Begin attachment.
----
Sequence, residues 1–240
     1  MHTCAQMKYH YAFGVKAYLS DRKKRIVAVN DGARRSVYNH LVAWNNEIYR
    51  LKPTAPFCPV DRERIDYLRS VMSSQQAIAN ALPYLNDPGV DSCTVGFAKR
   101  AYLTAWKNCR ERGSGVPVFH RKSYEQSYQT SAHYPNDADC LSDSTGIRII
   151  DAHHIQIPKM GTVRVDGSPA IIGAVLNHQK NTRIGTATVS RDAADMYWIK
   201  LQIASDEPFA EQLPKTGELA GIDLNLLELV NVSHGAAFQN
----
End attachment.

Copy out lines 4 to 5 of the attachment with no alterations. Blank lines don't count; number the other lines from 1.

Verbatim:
   101  AYLTAWKNCR ERGSGVPVFH RKSYEQSYQT SAHYPNDADC LSDSTGIRII
   151  DAHHIQIPKM GTVRVDGSPA IIGAVLNHQK NTRIGTATVS RDAADMYWIK